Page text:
In Search Of: CEO to turn IT organization that operates like a terrorist group into a Microsoft-like outfit. Vision and big-picture mentality not required. Management, administrative and detail skills sorely needed. Ability to deal with a chairman who occasionally goes off reservation during press interviews a big plus.
That chairman would be multimedia entrepreneur Nicholas Negroponte, who turned heads a few years ago in the open source community — indeed, in all sectors of the tech industry — with his proposal to develop 150 million laptops for the world’s poorest children at a cost of no more than US$100 each.
Called“One Laptop Per Child,” the organization is gearing up for its final stretch — its goal is to deliver the laptops by year end. Negroponte is seeking a new CEO to guide the effort, while he would remain at the helm as chairman.
All of this sounds perfectly reasonable until you read Negroponte’s observations about the OLPC organization and his own skills as a corporate leader. The comments, originally offered in an interview with BusinessWeek, raised so many eyebrows, they’re now widely circulating on the Web.
Regarding OLPC: Negroponte said the organization has been operating “almost like a terrorist group, doing almost impossible things” for three years.
That must change, though, he emphasized. His shoot-for-the-moon goal for the next CEO? OLPC’s next operation model should be more like Microsoft’s.
Furthermore, “management, administration and details are my weaknesses,” Negroponte confessed. “I’m much better at the vision, big-picture side of the house.”
While looking for a detail-oriented leader, he apparently also wants someone who will “view the world as a mission, not a market.”
In Other Words
To be sure, Negroponte is not the first executive to share thoughts in a press interview that might have been better left unspoken. And he certainly has a strong group of advocates and supporters behind him who have fallen in love with his idea and are defending — or rather, trying to explain — his comments.
“He’s a visionary, executing on an idea that many thought simply wasn’t doable,” Charles Merriam, volunteer software developer for the One Laptop Per Child project, told LinuxInsider. “And the organization does need someone who is more detailed-oriented … and someone who watches what he says to the press.”
Merriam points to the number of volunteers on the project as an indication of its appeal and likelihood of achieving ultimate success. No one knows the full number, he said, “but it is in the five, six, seven digits.”
Negroponte’s “terrorist group” reference was most likely his way of saying that OLPC “is a widely distributed effort,” said Van Lindberg of Haynes and Boone, an IP attorney who specializes in open source, and an organizer and keynote speaker at the PyCon conference.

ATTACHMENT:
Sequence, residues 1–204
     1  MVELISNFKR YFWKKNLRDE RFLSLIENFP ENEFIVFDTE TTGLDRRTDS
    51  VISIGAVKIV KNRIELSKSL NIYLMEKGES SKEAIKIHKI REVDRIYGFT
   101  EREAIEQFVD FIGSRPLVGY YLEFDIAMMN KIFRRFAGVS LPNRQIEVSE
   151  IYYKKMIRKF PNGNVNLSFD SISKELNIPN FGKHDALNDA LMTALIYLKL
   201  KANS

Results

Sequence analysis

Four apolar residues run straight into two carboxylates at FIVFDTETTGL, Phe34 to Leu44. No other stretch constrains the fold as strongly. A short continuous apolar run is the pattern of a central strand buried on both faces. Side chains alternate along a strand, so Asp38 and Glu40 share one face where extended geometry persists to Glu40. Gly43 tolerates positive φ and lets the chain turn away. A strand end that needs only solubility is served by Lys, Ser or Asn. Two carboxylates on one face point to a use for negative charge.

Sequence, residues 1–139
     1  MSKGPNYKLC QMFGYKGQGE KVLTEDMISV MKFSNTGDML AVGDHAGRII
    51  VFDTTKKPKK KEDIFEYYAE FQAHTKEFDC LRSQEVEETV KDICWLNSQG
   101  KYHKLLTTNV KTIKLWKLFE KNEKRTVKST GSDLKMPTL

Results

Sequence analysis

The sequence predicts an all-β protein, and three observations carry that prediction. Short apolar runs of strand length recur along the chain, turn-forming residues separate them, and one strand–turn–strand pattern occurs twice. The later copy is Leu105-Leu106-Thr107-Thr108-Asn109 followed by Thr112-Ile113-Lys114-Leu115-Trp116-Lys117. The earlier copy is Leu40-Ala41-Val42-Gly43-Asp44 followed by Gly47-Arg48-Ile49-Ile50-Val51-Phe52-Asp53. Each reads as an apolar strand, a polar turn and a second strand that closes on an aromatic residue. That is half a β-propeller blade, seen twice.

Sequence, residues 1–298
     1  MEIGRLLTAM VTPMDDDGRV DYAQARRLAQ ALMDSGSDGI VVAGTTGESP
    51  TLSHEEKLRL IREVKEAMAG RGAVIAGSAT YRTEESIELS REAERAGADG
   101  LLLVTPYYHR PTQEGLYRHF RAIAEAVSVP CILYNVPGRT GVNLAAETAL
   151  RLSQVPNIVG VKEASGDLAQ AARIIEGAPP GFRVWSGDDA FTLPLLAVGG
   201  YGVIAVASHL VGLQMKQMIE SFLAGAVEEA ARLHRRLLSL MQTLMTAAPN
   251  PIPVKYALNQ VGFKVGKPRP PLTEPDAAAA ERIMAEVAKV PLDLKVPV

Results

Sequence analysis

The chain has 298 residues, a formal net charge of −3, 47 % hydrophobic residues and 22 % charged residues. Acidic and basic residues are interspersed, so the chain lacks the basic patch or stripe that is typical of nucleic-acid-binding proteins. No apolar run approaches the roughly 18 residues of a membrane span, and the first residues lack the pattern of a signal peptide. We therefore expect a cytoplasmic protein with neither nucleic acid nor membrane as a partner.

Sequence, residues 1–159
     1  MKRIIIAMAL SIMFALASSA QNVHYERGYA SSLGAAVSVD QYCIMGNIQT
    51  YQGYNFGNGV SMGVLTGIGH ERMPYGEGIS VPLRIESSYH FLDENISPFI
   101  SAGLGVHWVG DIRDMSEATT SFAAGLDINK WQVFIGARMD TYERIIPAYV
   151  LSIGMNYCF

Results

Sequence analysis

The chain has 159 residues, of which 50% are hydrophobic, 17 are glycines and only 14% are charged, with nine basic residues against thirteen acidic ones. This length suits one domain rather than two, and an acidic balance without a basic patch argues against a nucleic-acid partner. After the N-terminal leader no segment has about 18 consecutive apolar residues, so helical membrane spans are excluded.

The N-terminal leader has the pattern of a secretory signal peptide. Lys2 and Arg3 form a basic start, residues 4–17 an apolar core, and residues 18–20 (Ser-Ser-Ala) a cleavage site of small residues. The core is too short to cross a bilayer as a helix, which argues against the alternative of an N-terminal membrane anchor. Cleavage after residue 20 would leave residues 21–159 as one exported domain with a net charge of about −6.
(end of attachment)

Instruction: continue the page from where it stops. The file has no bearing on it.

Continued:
What Negroponte probably meant was that OLPC “is not a traditional, top-down directed organization,” Lindberg told LinuxInsider. “Now that it is growing up, it’s facing very different challenges that require changing the organizational structure.”
At the very least, Negroponte’s gaffes smacked of excrutiatingly poor timing, since the OLPC project has been hitting more than a few speed bumps lately.
The organization has began producing the so-called XO laptops in China, but initial costs point to a $188 price point, rather than the anticipated $100.
There have been recent indications that some of the emerging markets that had agreed to distribute the laptops are backing away from their commitments.
However, fears that Negroponte’s comments could derail the project — or for that matter, hinder the movement of open source into the commercial mainstream — are most likely overblown.
“Negroponte’s recent admissions will have no impact on the open source movement and are likely not even enough to stoke the fires of even the most adamant open source opponents,” contended Brooke Partridge, CEO of Vital Wave Consulting.
Rather, “the OLPC program has created a wave of interest in designing and increasing access to technology for developing countries,” she told LinuxInsider, as well as in “the role of open software in providing a way for companies to profitably enter this market.”
The struggle OLPC is facing is due to the organization’s lack of business experience, Partridge added, “and has nothing to do with the choice of an open source operating system. There are now many low-cost PCs targeting the education industry that are running open source software.”
ISO a CEO
Another area of concern is that Negroponte will find it that much harder to identify the right CEO for the job now, thanks to his off-the-cuff comments.
The search for an executive for any organization is never easy, and this one is particularly tricky given its mission.
Negroponte “just needs to fight the all-too-human tendency to hire a replacement just like himself,” Edward Muzio, president and CEO of Group Harmonics, told LinuxInsider. “He must instead work to find someone who has those tendencies he knows himself to lack. That can be tricky, since there’s a good chance he won’t even ‘like’ such a person at first meeting. Ditto for any prospective CEO in the hot seat if Negroponte goes off again.”
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